The system did stick up a brand new email program and immediately complain that it wasn't associated with an email account. The fact that my emails go into Microsoft's very own Outlook 2007 seemed to pass it by. I think it may be a bit pushier with one or two other things, like hinting that I use Edge; we shall see.

My point in writing this little bit of spleen is to emphasise that the system had failed to load correctly, it had given me an error message but had not provided any assistance in solving the problem. I could not use the pc to access the internet to find a solution because the desktop had not loaded nor had I been given the offer of a default desktop. Despite all the help and user-friendliness supposedly embedded in Windows, when a critical problem occurred, there was no help at all. I can well imagine this causing genuine distress for some less experienced users.

All this a couple of days after a massive encryption-ransomware virus spread across the world, doing severe damage to the systems used by many NHS hospitals and surgeries. I saw this at first hand - whilst visiting my mother-in-law at Northwick Park Hospital, a porter arrived in the ward to take another patient away and told her "There'll be a delay love, all our servers have gone down".  Appointment systems were shut, forcing cancellation of operations and access to patients' data was restricted. The worst of this seems to be over for now, helped by a bug within the ransomware that allowed it to be halted, but the next one could be worse. Cuts in IT support expenditure in the NHS have made it very vulnerable.

We, as a species, have only become reliant on computers for the lifespan of about one generation and the speed of the adoption has been way too rapid for us to keep up. If they fail we don't have adequate fallbacks. It's getting a bit scary.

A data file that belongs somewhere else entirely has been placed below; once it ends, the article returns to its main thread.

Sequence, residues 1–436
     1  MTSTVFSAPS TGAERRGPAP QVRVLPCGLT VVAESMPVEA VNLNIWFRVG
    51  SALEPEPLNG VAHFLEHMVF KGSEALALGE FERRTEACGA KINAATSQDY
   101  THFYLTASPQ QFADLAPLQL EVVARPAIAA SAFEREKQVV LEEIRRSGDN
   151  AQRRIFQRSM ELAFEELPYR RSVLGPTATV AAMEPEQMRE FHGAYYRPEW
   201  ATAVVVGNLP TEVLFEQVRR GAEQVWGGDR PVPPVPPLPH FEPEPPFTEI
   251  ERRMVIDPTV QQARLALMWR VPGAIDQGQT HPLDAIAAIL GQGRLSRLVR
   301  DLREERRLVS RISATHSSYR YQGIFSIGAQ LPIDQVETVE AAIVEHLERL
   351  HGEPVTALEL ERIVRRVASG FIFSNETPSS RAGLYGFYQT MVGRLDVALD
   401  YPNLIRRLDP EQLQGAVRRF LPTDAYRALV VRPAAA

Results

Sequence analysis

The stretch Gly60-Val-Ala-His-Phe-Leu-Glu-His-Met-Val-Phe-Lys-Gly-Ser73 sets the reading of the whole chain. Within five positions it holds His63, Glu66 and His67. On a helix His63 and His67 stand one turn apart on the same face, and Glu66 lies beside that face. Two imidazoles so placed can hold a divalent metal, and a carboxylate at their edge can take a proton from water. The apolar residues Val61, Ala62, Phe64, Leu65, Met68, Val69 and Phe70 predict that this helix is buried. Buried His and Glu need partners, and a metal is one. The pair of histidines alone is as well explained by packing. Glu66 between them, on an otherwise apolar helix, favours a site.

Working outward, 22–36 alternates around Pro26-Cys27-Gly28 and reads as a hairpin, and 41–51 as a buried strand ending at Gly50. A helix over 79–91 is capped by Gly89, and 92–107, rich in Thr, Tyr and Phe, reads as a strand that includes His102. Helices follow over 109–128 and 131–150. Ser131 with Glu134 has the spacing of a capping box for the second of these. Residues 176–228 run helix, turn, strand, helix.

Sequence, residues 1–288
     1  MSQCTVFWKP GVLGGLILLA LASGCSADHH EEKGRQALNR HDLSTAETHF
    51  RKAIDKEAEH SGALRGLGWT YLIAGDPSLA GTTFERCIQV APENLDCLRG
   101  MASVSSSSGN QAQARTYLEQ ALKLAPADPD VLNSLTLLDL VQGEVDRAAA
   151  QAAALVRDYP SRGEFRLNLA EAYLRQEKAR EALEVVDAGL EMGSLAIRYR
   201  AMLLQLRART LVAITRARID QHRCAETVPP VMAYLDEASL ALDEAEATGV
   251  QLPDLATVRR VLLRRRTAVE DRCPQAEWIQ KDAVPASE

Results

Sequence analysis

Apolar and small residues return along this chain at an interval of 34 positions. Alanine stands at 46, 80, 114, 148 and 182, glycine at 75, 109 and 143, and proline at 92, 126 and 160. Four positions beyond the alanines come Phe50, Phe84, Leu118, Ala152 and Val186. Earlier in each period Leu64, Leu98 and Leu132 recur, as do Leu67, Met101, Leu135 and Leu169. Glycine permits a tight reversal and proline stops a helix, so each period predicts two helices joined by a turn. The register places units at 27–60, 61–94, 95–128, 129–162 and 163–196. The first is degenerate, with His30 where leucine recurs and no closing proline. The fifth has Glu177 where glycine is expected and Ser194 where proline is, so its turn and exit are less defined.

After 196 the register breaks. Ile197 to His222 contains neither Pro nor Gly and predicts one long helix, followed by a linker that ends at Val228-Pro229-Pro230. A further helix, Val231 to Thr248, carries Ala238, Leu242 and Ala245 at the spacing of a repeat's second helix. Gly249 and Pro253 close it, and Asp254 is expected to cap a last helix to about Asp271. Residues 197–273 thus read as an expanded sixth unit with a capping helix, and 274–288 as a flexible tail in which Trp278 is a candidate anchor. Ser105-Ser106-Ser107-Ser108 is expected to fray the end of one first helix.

Wednesday, May 10, 2017

President Khan dismisses head of MBI

From our own correspondent in Karakorum who is requesting a transfer to the Aztec Empire

 Sources close to President Ghengis Khan announced today that his old ally, General Jacomi, is no longer in charge of the Mongol Board of Informants. Apparently Jacomi is no longer able to do the job - for which he was widely praised by Khan before the election of the latter - because his head is no longer fully connected to the rest of his body.

The President was reported to be deeply distressed by the need to have Jacomi's body heaved out of his office and onto the nearest dungheap, in accordance with sacred Mongol tradition, and did not quaff more than 10 brimming goblets of beer and ox-blood at dinner. He was also said to have spent some time cleaning his scimitar before waving it about saying "Still pretty damn sharp, eh?"

Jacomi had been linked to the discovery of messages sent to the Chinese ambassador that appeared to confirm an attack on Karakorum was being planned. Rumours about these messages are thought to have assisted Khan's election campaign. However the discovery of a message from Chinese Emperor Bing that was translated as "Give us back Beijing and we will send you much gold", a message subsequently explained by Jacomi as "Just a joke I knocked up after inhaling too near a camel" may have caused the President to doubt his suitability.

The President is now considering who to appoint to the vacancy. There has been a surprisingly large number of dustclouds seen on the horizon recently, and there are no fast horses available for sale anywhere in town. The President's search for his next stooge fall-guy apprentice continues.

Tuesday, May 09, 2017

Election 2017: 2 - The Big Yawn

General elections used to be fairly exciting. The parties would present their proposals and leading politicians would battle it out over their ideas and suitability for office. Results could be hard to predict and votes mattered (at least in a number of marginal seats).

This year it seems flat and pointless. The lead between the Conservatives and all other parties is, in electoral terms, huge. In terms of the popular vote it is not - they are on about 38% - but the quirks of the British system means that this guarantees a significant majority in the House of Commons and if a majority of UK voters do not actually support them - well, tough cheese because elections here are not about winning national majorities but simply getting more votes than any one else, constituency by constituency.